Thursday, December 13, 2012

The Ivory Cubicle | An Unexpected Journey

I've been a J.R.R. Tolkien nerd since I first discovered him in my latter days of middle school. I've read the books, seen the movies, read the obscure books, played the Lord of the Rings trading card game (don't laugh, so did Joel and Jeremiah), played The Battle for Middle Earth, could probably beat most of you at Lord of the Rings trivia games and downloaded a Lord of the Rings patch for Total War. So, with the first Hobbit movie releasing tonight at midnight, I figured I couldn't pass up an opportunity to appreciate the genius of one of my literary heroes.

In a hole in the ground, there lived a hobbit...

Tolkien was arguably the greatest literary mind of the 20th century. In an era where epic literature was largely being discarded in favor of novels, where fantasy was under attack as “unrealistic” and where the average schoolchild was being taught to disregard spirited works of literature as “irrational,” he sat down to craft a universe, not just a book, mind you, but an entire universe, with its own creators, mythology, races, languages, poetry and tales.

Tolkien was careful in his work. He spent considerable time crafting genealogies of his characters and making sure that they all coincided, recounting tales of fierce battles, centuries-long alliances. His stories were full of peace, war, love, hatred, honor and cowardice. There was none of the slapdash, haphazard fiction writing of which he accused his colleague C.S. Lewis (Lewis' fiction works were always dedicated towards communicating a moral, plot and consistency were secondary). Each of Tolkien's words were crafted for a reason, rich with analogy and application and constantly informed by his Christian faith.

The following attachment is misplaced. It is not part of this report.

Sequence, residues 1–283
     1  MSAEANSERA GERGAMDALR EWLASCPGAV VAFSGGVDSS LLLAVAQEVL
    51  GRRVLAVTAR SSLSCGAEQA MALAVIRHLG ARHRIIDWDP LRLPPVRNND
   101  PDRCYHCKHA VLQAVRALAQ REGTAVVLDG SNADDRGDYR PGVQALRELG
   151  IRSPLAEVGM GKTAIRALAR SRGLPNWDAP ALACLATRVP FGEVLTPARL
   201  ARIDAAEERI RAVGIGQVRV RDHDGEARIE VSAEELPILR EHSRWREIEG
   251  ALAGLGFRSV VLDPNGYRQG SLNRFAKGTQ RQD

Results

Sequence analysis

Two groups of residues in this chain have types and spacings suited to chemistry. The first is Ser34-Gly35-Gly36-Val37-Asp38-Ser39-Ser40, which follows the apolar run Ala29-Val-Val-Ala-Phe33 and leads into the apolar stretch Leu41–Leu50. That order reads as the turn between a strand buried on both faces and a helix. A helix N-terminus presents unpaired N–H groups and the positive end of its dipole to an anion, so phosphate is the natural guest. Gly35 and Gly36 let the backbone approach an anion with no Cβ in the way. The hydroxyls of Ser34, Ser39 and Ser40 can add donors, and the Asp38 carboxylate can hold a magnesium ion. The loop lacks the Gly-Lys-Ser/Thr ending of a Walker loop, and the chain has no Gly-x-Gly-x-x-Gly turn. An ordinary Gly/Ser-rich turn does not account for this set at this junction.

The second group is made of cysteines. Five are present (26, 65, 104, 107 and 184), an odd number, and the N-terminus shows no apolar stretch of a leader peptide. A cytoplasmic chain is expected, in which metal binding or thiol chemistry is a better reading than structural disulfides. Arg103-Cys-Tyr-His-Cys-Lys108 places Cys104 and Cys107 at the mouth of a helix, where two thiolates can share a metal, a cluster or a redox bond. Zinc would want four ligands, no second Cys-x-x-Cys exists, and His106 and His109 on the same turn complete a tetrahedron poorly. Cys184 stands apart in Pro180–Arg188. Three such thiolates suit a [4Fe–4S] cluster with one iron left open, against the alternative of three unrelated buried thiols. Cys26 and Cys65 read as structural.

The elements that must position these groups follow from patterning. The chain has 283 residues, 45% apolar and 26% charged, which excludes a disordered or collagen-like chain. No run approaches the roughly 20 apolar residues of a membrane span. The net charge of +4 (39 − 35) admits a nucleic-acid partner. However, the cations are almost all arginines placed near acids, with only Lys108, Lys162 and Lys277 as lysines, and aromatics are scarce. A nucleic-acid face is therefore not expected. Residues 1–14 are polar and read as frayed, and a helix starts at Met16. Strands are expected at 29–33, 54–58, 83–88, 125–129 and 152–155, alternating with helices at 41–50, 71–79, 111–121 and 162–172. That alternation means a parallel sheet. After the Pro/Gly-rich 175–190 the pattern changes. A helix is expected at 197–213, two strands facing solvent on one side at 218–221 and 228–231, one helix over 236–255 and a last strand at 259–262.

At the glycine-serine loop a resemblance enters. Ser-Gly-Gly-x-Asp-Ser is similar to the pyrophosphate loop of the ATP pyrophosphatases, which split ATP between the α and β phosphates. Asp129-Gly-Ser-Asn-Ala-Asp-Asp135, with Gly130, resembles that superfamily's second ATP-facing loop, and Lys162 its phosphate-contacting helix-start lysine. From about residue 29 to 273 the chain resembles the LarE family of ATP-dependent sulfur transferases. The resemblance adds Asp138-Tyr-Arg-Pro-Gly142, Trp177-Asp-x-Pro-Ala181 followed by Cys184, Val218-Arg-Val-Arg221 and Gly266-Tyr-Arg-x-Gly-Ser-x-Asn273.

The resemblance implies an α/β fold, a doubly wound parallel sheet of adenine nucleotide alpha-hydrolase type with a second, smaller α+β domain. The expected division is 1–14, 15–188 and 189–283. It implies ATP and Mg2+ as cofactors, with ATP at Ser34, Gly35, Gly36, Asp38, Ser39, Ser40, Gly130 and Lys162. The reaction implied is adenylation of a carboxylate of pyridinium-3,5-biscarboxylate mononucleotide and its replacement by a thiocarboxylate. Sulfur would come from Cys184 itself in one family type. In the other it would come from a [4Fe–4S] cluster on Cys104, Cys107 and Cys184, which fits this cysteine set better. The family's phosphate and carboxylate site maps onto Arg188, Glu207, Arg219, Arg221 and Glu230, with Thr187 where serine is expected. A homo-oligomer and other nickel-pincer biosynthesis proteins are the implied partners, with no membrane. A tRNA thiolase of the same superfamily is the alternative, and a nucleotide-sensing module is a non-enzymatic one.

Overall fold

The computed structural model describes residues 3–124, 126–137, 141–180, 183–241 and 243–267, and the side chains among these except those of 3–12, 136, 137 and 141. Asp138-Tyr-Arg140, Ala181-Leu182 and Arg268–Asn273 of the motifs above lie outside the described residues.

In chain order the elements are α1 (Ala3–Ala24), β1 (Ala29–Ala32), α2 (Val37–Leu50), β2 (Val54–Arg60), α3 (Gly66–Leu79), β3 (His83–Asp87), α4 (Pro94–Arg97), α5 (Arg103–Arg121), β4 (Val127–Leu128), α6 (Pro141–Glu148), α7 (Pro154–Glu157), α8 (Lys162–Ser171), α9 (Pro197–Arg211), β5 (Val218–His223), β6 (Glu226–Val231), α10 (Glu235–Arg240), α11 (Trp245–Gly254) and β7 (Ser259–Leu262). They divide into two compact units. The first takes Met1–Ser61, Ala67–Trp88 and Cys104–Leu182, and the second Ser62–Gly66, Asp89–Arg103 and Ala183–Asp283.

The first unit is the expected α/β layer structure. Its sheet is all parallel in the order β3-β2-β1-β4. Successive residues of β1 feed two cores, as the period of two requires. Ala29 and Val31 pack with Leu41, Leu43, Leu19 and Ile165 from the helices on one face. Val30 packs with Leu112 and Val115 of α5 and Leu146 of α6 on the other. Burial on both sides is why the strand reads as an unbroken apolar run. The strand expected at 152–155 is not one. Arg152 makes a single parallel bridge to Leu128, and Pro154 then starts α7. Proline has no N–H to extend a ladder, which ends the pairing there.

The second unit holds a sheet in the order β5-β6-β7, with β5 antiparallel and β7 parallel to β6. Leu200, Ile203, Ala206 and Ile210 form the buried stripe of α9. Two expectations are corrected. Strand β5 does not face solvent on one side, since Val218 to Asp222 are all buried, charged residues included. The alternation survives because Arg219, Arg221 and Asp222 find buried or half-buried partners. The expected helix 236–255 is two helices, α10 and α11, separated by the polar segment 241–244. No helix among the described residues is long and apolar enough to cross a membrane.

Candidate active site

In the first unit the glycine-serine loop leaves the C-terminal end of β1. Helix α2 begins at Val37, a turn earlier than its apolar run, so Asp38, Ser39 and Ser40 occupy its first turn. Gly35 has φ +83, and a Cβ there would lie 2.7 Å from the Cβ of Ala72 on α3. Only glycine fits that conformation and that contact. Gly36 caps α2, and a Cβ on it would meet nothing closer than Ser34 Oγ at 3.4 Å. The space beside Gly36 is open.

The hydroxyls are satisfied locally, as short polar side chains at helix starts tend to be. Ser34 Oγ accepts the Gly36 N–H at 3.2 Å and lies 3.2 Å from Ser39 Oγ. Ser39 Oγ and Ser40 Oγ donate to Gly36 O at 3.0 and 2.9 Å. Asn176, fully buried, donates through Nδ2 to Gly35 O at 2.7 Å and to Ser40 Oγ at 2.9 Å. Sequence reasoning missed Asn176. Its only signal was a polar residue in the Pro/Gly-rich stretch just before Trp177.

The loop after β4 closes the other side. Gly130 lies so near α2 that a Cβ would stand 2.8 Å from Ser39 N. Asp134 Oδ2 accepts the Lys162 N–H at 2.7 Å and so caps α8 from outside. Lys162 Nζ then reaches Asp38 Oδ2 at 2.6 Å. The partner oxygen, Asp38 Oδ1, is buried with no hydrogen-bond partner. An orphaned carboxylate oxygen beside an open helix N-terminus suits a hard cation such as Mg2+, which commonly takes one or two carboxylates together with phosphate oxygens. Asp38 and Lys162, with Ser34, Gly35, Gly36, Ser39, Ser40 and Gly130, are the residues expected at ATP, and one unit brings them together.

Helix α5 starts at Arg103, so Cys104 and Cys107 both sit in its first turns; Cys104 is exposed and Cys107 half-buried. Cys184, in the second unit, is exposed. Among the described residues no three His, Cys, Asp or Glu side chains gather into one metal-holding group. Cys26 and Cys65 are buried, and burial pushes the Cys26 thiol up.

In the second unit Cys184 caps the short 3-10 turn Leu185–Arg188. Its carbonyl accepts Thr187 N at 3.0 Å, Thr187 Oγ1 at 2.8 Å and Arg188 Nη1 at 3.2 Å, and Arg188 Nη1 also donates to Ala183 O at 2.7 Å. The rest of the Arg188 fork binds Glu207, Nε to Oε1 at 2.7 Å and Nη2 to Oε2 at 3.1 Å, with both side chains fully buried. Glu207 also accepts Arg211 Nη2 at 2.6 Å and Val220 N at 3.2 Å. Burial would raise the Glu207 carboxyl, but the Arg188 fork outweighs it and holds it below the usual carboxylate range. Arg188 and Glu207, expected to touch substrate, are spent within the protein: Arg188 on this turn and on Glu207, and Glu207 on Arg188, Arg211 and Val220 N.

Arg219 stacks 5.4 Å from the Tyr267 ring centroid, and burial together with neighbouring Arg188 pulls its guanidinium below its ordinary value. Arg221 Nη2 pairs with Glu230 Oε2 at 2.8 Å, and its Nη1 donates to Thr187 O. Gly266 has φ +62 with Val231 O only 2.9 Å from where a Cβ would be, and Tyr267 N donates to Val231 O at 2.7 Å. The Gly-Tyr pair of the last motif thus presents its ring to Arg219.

In 1937, Tolkien's first work, The Hobbit, was published. It tells the tale a story of Bilbo Baggins, a small, comfortable hobbit who is visited by an old wizard named Gandalf, launched on a fast-paced adventure, far away from his familiar home, with a band of unlikely friends (dwarves) on a quest to reclaim their rightful home.

Like all great Christian authors, there's a moral lurking behind every page in Tolkien's work. What strikes me the most about the Hobbit is the similarity between Bilbo's call and the Christian's call. Bilbo was a wealthy, respectable hobbit, who never did anything unpredictable, and had no reason to be discontent with his lot in life. But Gandalf came to Bilbo and called him to a life of adventure and hardship. He gave Bilbo no clear picture where he was going, or how he was to get there, but simply a calling to go.

We as Christians experience a similar calling to Bilbo's. We are content with all the comforts this world has to offer – peace, wealth and respectability. But Christ comes into our lives and shakes things up. He calls us to do something unpredictable. He doesn't tell us where we're going and how to get there and he doesn't tell us that it's going to be easy. He calls us to follow him through the high and the low points to reach the final treasure set before us. But that treasure we have waiting for us is far more valuable than mere dragon's plunder.

By Nick Barden

(P.S. Picture included to dispel all doubt of my nerdiness. Yes, that is a Latin edition of The Hobbit).

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